Flowers from gay teacher's husband spark controversy in District 301

 
 
Updated 4/17/2018 7:07 PM
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  • Nathan Etter, music teacher at Prairie View Grade School in Elgin, talks about how he feels he was treated unfairly by district officials after husband Philip Etter, left, sent him flowers for Valentine's Day to the classroom. It prompted a "teaching moment" about same-sex marriages.

    Nathan Etter, music teacher at Prairie View Grade School in Elgin, talks about how he feels he was treated unfairly by district officials after husband Philip Etter, left, sent him flowers for Valentine's Day to the classroom. It prompted a "teaching moment" about same-sex marriages. COURTESY OF ABC7 CHICAGO

  • Nathan Etter, music teacher at Prairie View Grade School in Elgin, and his husband Philip Etter, right, head in to a Central Unit District 301 school board meeting Monday.

    Nathan Etter, music teacher at Prairie View Grade School in Elgin, and his husband Philip Etter, right, head in to a Central Unit District 301 school board meeting Monday. COURTESY OF ABC7 CHICAGO

When music teacher Nathan Etter received a bouquet of Valentine's Day flowers in his classroom, it piqued students' curiosity.

A student asked whether the flowers were from Etter's wife. He responded, "No, it's from my husband."

This response elicited reactions of "ew" and "gross" from some first-graders at Prairie View Grade School in Elgin. It prompted Etter to make it a "teachable moment."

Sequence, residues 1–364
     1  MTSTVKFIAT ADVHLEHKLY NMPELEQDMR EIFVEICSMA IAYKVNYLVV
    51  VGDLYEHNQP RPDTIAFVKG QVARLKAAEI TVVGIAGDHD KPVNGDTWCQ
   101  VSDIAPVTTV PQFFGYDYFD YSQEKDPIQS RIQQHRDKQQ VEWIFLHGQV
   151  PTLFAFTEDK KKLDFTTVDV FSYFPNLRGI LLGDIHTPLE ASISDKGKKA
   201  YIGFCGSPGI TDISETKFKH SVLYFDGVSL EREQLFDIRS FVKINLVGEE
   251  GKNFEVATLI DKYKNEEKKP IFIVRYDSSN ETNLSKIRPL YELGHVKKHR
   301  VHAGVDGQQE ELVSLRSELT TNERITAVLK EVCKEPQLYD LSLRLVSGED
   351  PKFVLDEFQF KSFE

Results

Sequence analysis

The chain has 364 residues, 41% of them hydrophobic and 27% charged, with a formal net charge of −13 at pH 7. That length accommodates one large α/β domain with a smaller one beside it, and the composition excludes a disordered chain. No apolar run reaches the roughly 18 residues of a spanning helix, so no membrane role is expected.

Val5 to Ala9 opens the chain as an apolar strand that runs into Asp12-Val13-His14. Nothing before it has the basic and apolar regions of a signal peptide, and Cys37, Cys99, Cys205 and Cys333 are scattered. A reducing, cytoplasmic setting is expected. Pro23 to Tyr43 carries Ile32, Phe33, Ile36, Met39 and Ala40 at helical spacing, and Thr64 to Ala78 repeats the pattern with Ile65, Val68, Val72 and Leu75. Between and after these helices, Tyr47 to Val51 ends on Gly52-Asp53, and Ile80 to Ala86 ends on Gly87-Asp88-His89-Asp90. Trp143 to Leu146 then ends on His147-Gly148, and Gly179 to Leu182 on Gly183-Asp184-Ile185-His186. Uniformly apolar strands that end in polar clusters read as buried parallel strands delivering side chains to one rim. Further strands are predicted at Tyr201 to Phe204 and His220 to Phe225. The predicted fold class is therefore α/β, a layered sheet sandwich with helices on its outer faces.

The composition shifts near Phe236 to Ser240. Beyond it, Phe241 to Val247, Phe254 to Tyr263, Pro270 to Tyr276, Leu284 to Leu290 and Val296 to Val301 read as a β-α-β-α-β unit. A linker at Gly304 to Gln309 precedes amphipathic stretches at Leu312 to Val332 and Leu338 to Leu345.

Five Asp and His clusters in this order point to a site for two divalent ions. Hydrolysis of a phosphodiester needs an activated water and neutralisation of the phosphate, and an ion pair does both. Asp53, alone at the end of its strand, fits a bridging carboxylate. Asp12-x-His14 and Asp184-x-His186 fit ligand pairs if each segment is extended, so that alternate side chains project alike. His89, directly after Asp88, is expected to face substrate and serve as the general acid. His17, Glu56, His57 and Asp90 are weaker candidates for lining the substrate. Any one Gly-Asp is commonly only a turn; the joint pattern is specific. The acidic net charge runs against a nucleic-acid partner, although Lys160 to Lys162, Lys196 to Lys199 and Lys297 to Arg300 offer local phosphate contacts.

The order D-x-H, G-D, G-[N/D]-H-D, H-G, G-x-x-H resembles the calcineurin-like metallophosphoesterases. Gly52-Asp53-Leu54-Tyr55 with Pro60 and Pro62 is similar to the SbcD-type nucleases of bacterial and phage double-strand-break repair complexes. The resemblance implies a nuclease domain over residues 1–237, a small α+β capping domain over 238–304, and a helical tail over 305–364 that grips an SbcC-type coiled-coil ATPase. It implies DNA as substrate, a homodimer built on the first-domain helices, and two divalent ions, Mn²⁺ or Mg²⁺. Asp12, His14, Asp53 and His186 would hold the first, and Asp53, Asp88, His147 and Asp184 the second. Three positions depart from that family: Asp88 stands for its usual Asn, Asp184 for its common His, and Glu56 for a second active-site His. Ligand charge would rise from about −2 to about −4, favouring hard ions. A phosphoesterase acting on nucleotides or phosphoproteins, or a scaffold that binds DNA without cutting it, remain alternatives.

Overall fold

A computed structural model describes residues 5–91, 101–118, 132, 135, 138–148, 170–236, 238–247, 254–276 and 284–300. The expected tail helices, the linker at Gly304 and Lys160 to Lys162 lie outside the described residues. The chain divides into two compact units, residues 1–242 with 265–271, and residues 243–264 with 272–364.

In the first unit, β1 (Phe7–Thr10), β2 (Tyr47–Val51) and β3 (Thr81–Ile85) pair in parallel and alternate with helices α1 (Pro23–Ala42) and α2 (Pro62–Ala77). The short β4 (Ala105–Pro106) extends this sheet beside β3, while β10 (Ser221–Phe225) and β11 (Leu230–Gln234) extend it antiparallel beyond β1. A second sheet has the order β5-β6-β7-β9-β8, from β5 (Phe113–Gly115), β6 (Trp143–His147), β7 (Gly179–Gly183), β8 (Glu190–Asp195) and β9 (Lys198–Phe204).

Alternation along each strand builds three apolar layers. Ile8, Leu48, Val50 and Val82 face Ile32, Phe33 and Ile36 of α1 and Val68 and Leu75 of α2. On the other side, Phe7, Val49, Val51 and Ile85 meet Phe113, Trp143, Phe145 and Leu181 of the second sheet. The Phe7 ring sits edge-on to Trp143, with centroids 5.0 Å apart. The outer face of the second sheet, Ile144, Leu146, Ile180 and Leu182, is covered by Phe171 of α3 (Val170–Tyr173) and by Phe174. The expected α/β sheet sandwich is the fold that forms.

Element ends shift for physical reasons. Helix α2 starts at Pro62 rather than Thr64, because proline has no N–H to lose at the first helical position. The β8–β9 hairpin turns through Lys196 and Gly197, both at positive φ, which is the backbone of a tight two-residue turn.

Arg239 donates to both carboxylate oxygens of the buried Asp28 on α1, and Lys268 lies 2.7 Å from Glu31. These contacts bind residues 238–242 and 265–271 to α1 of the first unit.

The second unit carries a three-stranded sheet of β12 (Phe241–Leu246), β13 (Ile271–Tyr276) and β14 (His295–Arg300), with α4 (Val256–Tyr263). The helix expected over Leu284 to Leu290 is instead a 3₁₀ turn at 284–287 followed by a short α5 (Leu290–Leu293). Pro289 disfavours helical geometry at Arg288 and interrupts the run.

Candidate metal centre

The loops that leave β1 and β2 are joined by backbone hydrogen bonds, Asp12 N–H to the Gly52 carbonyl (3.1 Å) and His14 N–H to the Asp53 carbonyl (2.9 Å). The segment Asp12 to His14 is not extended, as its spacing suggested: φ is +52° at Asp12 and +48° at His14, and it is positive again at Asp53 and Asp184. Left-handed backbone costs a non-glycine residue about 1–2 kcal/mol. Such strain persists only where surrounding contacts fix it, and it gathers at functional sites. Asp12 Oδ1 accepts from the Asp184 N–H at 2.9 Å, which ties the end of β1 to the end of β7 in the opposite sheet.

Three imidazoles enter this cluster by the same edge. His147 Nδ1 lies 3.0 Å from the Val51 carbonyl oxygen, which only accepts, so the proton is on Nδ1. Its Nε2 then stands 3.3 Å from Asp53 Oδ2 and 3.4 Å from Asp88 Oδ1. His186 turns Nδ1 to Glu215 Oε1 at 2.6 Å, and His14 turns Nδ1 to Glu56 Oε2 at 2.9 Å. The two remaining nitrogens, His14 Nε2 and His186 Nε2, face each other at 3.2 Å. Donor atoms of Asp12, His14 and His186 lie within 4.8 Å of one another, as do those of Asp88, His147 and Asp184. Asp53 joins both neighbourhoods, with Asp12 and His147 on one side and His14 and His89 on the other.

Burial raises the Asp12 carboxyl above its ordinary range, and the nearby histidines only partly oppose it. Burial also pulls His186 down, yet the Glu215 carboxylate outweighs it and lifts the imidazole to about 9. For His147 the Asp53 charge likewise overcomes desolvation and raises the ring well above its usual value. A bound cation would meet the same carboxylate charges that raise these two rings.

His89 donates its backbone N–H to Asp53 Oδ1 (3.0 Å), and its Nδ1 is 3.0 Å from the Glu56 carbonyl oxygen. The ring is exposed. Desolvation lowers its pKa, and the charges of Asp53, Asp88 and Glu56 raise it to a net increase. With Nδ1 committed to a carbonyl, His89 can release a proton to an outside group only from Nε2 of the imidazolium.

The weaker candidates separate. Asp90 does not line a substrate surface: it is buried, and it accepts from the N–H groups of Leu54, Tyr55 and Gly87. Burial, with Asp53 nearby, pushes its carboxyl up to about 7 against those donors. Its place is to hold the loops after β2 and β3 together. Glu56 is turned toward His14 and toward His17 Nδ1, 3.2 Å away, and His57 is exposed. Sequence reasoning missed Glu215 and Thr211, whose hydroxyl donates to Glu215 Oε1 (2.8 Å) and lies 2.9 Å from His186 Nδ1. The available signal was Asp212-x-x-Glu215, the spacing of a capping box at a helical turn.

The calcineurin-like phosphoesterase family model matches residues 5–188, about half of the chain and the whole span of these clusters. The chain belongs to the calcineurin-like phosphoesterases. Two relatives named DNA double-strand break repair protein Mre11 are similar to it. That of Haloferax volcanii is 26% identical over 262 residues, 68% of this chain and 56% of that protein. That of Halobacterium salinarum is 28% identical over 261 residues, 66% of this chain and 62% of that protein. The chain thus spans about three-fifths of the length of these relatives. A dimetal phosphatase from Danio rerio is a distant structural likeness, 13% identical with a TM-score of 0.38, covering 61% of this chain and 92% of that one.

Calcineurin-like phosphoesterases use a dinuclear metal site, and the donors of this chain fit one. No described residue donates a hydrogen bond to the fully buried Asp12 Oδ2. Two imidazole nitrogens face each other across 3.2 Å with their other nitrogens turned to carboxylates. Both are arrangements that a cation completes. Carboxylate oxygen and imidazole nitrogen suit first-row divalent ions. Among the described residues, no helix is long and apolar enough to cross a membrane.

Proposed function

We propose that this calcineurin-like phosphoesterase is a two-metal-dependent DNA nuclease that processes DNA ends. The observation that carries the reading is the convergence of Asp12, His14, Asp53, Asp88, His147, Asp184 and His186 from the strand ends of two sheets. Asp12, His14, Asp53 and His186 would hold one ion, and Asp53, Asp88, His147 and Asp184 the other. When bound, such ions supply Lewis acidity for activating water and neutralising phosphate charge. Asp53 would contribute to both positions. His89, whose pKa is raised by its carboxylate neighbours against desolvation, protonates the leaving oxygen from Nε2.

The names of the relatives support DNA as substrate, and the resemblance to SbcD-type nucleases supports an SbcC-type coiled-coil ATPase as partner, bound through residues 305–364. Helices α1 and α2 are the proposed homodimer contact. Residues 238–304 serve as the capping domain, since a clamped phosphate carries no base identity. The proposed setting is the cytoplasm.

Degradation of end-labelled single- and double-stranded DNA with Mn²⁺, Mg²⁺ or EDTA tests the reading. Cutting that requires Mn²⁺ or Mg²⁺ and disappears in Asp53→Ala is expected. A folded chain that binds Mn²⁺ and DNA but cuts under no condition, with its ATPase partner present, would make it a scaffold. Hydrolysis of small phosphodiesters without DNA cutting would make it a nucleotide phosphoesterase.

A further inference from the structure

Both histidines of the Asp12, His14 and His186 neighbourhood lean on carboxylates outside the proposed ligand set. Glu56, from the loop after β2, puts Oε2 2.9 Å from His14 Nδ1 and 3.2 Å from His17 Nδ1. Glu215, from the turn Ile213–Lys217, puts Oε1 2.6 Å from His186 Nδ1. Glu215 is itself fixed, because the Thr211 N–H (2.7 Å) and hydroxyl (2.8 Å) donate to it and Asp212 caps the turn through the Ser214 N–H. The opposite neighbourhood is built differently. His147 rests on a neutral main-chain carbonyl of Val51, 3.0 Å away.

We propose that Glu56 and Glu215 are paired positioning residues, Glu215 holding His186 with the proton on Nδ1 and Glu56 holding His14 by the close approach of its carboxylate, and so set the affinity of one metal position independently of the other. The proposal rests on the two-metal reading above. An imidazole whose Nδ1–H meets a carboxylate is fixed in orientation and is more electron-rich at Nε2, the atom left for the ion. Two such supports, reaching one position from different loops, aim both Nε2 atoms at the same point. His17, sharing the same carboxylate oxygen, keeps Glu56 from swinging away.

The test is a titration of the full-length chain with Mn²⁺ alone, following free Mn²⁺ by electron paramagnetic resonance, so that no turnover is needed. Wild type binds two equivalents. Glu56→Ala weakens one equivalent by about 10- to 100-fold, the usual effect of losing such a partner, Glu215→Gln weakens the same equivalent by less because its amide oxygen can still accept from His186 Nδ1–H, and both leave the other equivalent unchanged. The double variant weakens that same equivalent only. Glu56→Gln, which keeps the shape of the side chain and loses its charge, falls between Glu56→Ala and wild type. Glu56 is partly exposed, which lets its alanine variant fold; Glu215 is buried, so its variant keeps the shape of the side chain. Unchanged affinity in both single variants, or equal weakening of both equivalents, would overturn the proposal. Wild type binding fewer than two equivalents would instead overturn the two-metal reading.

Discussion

He talked to students about respect and tolerance, and explained how some families have same-sex parents. He asked, "just because something is different, should we be disrespectful? And they said, 'no,' and we moved on with our lesson."

Etter said he spent less than 30 seconds on the topic. But a parent of one student raised concerns with district officials about what transpired.

A week later, Etter said, he was called in to the principal's office for a talk with a union representative present, "which completely scared me."

"What our district leaders wanted to convey to me was to 'stick to the curriculum.' I took that as a verbal warning," said Etter, 30, of Palatine, a first-year elementary music teacher. "I'm an untenured teacher, so they don't have to necessarily have a reason to not invite me back next school year to teach."

Etter and a union representative emailed district faculty and staff members and accused school leaders of treating him in a "discriminatory manner," officials said.

Central Unit District 301 Superintendent Todd Stirn and school board President Jeff Kellenberger have responded with an open letter April 12 stressing the Burlington-based district's commitment to diversity and respect. Officials said the principal's meeting with Etter was to learn more about that classroom discussion and no further action was taken.

"We want to emphasize the unwavering commitment of our board and administration to ensuring that our school community is consistently respectful and accepting of diversity amongst our students, faculty and staff. While we have strong diversity and inclusion policies and practices in place, we can always learn and improve. We want to state clearly that discrimination, harassment, exclusion or intimidation in any form are unacceptable and will not be tolerated in District 301," officials wrote.

Dozens of students, parents and union members showed up at Monday night's school board meeting to show support for Etter. Kellenberger told parents Etter's job was never in jeopardy and assured them the matter was resolved.

Etter said while Stirn apologized for the situation, officials haven't explained what "stick to the curriculum" means.

"I personally take that to mean don't talk about being gay," he said adding, he hopes to meet with Stirn soon. "I just want to make sure this doesn't happen to any student, parent or teacher who is of the LGBTQ community or who is diverse in any other way."

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